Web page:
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Oct 29, 2019 3:02 PMPublication: The Southampton Press

Effects Of Drug Raid Felt On Shinnecock Territory

The press release at the Suffolk County District Attorney office.RACHEL VALDESPINO RACHEL VALDESPINO
Oct 29, 2019 4:48 PM


Families residing on Shinnecock Indian Nation territory woke up to a brigade of police on their front lawns last Thursday morning, October 24.

Following a nearly year-long investigation, the Suffolk County district attorney’s office and the East End Drug Task Force conducted the early morning sweep, arresting 24 individuals — eight of whom lived on the Nation’s territory — in connection with a drug ring that authorities said was based there.

Authorities said that the drug ring used the protection of the sovereign territory — which does not have a police presence of its own, relying instead on State Police for public safety — to stay under the radar. Tribe members countered that only a small number of arrests targeted tribe members, and they say the police response last week was excessive.

“For far too long, criminals have attempted to evade law enforcement and hide on the Shinnecock Reservation, terrorizing the law-abiding members of the Shinnecock Nation — selling drugs, and committing various acts of violence, That ends today,” Suffolk County District Attorney Timothy Sini said at the press conference on Thursday evening in Hauppauge.

The investigation revealed evidence that the drug distribution ring was responsible for selling over $1 million worth of heroin cut with fentanyl each year, as well as quantities of cocaine, oxycodone pills and marijuana. Police said roughly 250 grams of heroin was sold each month, with a street value of approximately $83,000, in addition to 200 grams of cocaine each month, with a street value of $33,000, as well as various other substances, including pills and marijuana.

“This is a massive drug ring operation out of the reservation, which was an effort on their part — a failed effort — to evade detection by law enforcement,” Mr. Sini said last week.

The overwhelming presence of the police involved in the sweep shocked residents living there — particularly given its early hour, about 7 a.m.

“I think the raid was a traumatic experience for the tribe because of [what time] the police department did everything,” said Autumn Rose Williams, tribal communications director for the Shinnecock Indian Nation, noting that police should have been aware that children were still in many homes and hadn’t left for school yet.

She added, “They should be cognizant that you may or may not be done by the time the children get on the bus — and then to have the children witness that is traumatic for those kids and those families.”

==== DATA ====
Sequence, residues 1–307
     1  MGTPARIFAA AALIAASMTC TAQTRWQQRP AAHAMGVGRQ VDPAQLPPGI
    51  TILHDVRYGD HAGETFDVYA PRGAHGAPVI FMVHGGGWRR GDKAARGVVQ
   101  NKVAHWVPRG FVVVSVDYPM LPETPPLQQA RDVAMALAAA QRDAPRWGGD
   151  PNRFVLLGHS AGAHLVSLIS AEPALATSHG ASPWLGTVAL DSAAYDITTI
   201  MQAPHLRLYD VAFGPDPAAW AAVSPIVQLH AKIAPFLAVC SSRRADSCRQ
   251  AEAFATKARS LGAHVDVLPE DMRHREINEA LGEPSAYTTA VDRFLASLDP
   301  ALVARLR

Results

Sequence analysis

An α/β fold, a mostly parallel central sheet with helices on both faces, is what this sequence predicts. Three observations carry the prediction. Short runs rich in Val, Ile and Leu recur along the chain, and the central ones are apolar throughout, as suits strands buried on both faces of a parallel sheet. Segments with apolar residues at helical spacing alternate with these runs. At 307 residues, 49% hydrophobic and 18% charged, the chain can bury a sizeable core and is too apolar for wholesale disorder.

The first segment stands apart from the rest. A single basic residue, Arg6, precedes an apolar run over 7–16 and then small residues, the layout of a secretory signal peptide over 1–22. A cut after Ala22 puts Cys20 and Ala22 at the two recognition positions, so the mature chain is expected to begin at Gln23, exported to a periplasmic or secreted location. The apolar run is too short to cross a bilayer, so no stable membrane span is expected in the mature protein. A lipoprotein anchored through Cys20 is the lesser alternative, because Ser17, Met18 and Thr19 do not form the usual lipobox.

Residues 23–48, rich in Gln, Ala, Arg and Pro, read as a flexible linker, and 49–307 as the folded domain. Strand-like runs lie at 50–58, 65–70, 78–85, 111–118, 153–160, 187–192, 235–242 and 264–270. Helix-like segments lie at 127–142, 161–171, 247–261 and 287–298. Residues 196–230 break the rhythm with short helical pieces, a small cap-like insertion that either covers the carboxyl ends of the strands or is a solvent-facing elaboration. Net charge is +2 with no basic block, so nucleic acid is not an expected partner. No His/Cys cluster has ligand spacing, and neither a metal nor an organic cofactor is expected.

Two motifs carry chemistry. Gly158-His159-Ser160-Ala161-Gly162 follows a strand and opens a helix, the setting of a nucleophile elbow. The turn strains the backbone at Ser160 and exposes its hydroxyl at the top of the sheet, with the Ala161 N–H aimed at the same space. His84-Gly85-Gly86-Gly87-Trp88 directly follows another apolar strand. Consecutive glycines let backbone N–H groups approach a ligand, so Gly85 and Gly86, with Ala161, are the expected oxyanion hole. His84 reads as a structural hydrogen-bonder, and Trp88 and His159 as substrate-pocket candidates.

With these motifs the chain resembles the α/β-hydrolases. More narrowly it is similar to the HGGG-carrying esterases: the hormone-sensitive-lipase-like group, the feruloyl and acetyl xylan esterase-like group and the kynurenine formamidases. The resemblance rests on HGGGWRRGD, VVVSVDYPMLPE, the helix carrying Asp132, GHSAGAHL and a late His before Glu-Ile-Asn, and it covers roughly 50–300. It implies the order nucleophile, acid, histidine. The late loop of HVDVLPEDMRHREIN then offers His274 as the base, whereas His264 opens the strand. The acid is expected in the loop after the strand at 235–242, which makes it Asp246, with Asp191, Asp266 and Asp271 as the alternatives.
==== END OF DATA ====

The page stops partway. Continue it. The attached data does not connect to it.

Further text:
Some residents of the territory also were upset about the media coverage surrounding the arrests, which they said were perpetuating stereotypes about violence and drug abuse on tribal territory, though the majority of the arrests took place elsewhere.

“Experiencing the raid, and then having the news use very specific rhetoric that is very harmful to Shinnecock people — knowing that there was only a select few out of the whole 24 that actually committed these crimes, is extremely harmful for the tribe,” Ms. Williams said. “We are still feeling the effects of those words today, because we have not only our children going to school with other kids asking these questions, but we have adults going into workplaces and having to figure out, how do I have this conversation?”

Dyani Brown, a member of the Nation and a resident of the territory, agreed that the media coverage was suspect and blamed the investigators. “The message people received from the press conference was probably very upsetting, because it was very biased, very focused on Shinnecock, and a lot of it was sensationalized — especially the whole violence thing,” she said.

Ms. Brown was born and raised in the community, she said, and has always felt it to be very safe. “The only violent incident that scared me here was the cops with their tanks rolling down the street, scaring the kids at 7 in the morning,” she said, calling it the most violence her community has ever seen.

“All the violence seems to come from the people outside, bringing it in here,” she said. “These criminals did not terrorize our neighborhood … We have a problem in our neighborhood, that’s no secret — but these people were hardworking fathers and family members who supported their families, and those families are grieving right now.”

In response to the arrests, the Shinnecock Council of Trustees said in a statement sent out by Tribal Trustee Chairman Bryan Polite: “Although the Council of Trustees did not have prior knowledge of the operation, the Shinnecock community at large has suffered greatly due to the opioid and fentanyl epidemic, and tribal members have consistently requested the assistance of outside law enforcement agencies to help combat the issue. The Shinnecock Nation is committed to bettering the quality of life for all our tribal members, and the council will continue to provide a safe and tranquil environment for our Nation.”

Local police and prosecutors offered few details about the investigation this week, saying that it was ongoing.

According to Mr. Sini, the investigation began in December 2018, following an increase of reports of firearm violence on tribal territory, marked by what he said was increased narcotics distribution, firearm possession and several fatal overdoses.

Police said the long-term investigation involved the use of undercover officers, confidential informants, routine surveillance, wiretapping, and a significant amount of collaboration between law enforcement agencies.